A composer moves opera into the future

John Adams looks for a stylistic revolution from the next generation of composers.

Often called America's greatest living composer, John Adams says he wrote his memoir, "Hallelujah Junction: Composing an American Life," for the next generation of musicians, the 20-year-olds struggling with doubt about the viability of a life in art. The Berkeley-based musician wants them to know it is possible to survive the drubbings of a pioneer relatively intact. "We ignore the good reviews and fret about the bad ones," he laughs.

But he understands that he is trying to move an art form forward, one that often finds itself mired in the past. "There are many who just want to experience the old chestnuts and don't want to see opera as a living art form," he says. At the same time, he says he has great optimism about the future.

"This is a potentially transformational generation," he says, pointing to the profound changes that have taken place during the arc of his career. "Back when I was just starting out, if I wanted to listen to music from Bali or Ghana or Turkey, I would have had to search out anthropological recordings or go to the Library of Congress." Now, he says, the group of emerging young musicians can tap into musical influences from anywhere in the world at the click of a Google search.

He expects a stylistic revolution to arise from this access because, as he points out, the defining contribution of 20th-century composers such as Stravinsky, Copland, and Bartók was their ability to expand the musical palette beyond the established canon. While a wide range of influences is valuable, Adams says, he is most moved by "sincerity."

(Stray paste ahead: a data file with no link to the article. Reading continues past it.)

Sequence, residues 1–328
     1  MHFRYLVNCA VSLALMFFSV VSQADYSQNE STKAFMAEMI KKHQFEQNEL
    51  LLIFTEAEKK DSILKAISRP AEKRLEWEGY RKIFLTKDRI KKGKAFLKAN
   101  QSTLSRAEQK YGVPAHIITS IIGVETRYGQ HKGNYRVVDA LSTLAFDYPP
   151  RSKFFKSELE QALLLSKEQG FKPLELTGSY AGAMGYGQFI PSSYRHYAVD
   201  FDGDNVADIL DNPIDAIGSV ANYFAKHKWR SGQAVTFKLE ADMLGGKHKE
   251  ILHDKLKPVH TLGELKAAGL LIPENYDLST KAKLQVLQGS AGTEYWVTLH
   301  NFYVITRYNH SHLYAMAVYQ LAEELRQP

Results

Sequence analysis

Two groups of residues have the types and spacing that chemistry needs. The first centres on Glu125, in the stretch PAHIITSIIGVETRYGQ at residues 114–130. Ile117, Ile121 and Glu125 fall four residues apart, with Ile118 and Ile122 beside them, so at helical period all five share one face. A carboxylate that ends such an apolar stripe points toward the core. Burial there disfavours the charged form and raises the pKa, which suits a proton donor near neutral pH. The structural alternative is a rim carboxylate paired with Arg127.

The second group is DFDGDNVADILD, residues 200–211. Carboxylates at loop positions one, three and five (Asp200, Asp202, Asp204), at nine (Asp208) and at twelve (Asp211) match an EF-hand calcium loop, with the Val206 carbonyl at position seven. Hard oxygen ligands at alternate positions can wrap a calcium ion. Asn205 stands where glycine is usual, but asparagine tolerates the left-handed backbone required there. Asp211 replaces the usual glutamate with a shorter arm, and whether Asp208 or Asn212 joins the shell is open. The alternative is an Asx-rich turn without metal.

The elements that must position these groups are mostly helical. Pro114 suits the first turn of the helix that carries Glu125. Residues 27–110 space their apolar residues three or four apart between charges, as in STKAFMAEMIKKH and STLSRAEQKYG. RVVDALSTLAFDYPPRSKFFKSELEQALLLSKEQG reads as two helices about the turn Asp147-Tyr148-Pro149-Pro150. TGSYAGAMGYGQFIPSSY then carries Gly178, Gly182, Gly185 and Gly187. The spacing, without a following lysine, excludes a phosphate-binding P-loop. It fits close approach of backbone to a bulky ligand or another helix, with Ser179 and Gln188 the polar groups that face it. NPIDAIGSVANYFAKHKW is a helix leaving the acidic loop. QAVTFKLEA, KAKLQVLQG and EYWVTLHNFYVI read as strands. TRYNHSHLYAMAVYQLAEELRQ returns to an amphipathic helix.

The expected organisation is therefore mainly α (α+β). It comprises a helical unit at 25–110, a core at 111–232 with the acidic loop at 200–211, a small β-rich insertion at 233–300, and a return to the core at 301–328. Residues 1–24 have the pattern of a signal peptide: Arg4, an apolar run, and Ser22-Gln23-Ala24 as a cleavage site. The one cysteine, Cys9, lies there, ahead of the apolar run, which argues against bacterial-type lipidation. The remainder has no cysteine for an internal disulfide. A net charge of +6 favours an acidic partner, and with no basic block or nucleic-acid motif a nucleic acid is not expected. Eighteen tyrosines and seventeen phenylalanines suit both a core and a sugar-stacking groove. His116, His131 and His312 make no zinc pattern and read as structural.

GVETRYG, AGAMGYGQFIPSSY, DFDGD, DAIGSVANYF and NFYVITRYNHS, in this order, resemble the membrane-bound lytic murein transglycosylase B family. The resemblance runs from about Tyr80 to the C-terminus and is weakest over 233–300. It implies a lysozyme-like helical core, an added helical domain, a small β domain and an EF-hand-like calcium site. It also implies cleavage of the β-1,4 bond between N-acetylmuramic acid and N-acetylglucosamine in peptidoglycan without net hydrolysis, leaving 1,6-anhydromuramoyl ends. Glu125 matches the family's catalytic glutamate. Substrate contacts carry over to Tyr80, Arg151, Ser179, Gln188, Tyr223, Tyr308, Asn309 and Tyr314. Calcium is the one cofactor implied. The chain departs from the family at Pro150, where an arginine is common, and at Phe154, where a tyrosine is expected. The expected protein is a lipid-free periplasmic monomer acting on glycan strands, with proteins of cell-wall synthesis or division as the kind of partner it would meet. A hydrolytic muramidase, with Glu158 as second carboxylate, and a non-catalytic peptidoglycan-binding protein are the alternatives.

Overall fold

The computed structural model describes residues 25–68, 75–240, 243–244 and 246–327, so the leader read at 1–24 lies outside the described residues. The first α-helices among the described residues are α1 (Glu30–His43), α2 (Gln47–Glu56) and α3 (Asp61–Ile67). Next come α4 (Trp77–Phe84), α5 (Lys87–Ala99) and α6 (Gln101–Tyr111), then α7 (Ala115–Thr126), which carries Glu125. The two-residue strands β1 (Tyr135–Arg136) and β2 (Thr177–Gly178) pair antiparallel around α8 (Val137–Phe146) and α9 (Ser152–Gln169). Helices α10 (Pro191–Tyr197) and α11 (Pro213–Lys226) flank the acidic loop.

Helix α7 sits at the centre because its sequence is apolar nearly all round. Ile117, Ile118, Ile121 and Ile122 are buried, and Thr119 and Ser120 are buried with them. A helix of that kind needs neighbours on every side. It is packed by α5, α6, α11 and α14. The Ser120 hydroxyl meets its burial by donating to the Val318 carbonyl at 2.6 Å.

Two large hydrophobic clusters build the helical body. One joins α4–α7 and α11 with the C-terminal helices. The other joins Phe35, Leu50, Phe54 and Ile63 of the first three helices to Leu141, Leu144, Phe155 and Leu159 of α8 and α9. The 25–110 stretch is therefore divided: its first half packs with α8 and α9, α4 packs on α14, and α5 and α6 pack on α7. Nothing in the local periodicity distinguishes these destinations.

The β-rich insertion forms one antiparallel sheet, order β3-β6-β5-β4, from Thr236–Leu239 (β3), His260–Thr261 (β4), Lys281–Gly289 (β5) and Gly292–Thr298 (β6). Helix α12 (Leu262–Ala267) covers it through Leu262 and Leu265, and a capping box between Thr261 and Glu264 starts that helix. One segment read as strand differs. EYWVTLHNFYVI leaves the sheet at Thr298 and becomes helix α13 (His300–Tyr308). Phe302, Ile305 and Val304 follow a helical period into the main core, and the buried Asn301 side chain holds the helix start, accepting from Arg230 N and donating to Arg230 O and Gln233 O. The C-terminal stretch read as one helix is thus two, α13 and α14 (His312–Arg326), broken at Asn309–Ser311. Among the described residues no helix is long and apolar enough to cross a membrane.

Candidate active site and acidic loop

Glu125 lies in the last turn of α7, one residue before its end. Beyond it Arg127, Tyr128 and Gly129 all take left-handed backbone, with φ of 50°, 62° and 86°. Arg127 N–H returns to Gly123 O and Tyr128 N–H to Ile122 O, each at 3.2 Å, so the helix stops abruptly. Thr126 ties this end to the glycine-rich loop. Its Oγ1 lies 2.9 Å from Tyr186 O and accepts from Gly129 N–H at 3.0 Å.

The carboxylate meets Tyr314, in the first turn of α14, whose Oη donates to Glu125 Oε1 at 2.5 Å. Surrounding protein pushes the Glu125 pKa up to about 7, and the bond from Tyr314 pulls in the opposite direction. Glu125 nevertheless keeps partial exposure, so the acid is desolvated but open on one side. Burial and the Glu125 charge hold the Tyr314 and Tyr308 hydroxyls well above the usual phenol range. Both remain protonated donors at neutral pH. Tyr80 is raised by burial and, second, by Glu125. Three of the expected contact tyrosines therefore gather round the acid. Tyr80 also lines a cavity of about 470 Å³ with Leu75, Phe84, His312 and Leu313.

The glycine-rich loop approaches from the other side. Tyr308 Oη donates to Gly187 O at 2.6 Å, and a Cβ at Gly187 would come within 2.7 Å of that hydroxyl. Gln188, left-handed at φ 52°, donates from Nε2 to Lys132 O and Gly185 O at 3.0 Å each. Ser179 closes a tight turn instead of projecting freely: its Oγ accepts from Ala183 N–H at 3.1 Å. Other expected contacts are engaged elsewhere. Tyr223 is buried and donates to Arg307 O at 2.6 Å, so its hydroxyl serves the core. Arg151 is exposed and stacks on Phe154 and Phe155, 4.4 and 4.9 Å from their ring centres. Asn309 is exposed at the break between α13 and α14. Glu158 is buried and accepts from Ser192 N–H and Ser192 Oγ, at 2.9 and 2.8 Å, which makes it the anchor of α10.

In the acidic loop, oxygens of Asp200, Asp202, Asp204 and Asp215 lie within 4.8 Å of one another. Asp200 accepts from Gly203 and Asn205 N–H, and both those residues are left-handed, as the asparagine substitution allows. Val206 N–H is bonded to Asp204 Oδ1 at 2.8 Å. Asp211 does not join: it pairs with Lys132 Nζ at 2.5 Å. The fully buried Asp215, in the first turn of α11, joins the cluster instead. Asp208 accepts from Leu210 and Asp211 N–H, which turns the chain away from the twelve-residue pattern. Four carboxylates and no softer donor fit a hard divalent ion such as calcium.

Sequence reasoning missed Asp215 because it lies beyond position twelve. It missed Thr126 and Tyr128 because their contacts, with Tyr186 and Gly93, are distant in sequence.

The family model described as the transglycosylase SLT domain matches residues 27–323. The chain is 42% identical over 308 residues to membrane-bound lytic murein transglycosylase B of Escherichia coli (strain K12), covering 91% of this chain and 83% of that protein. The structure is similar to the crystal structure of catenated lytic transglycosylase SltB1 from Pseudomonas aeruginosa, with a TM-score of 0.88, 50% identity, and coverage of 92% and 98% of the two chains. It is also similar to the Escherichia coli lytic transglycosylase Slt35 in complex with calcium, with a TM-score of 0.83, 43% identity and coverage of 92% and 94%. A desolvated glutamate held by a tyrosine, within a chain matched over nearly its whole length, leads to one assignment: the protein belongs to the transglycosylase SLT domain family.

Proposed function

He shares the concerns of many about the lack of musical education in US elementary and secondary schools, as well as the short attention spans that can derail both the ability to absorb musical art or deter the creation of meaningful work.

He points to his own recent encounter with a team creating musical clips for YouTube. After he "sketched" a piece for them, they sat down for what he called his "first product evaluation." He says they were not happy with what he'd written.

"I asked them what they expected, and they responded that they wanted something classical, something with a nice melody like Mozart." And "to the point." Visitors usually don't stay longer than half a minute, he says. "I'm working on an art form that requires sustained concentration and that creates cognitive dissonance in a YouTube environment."

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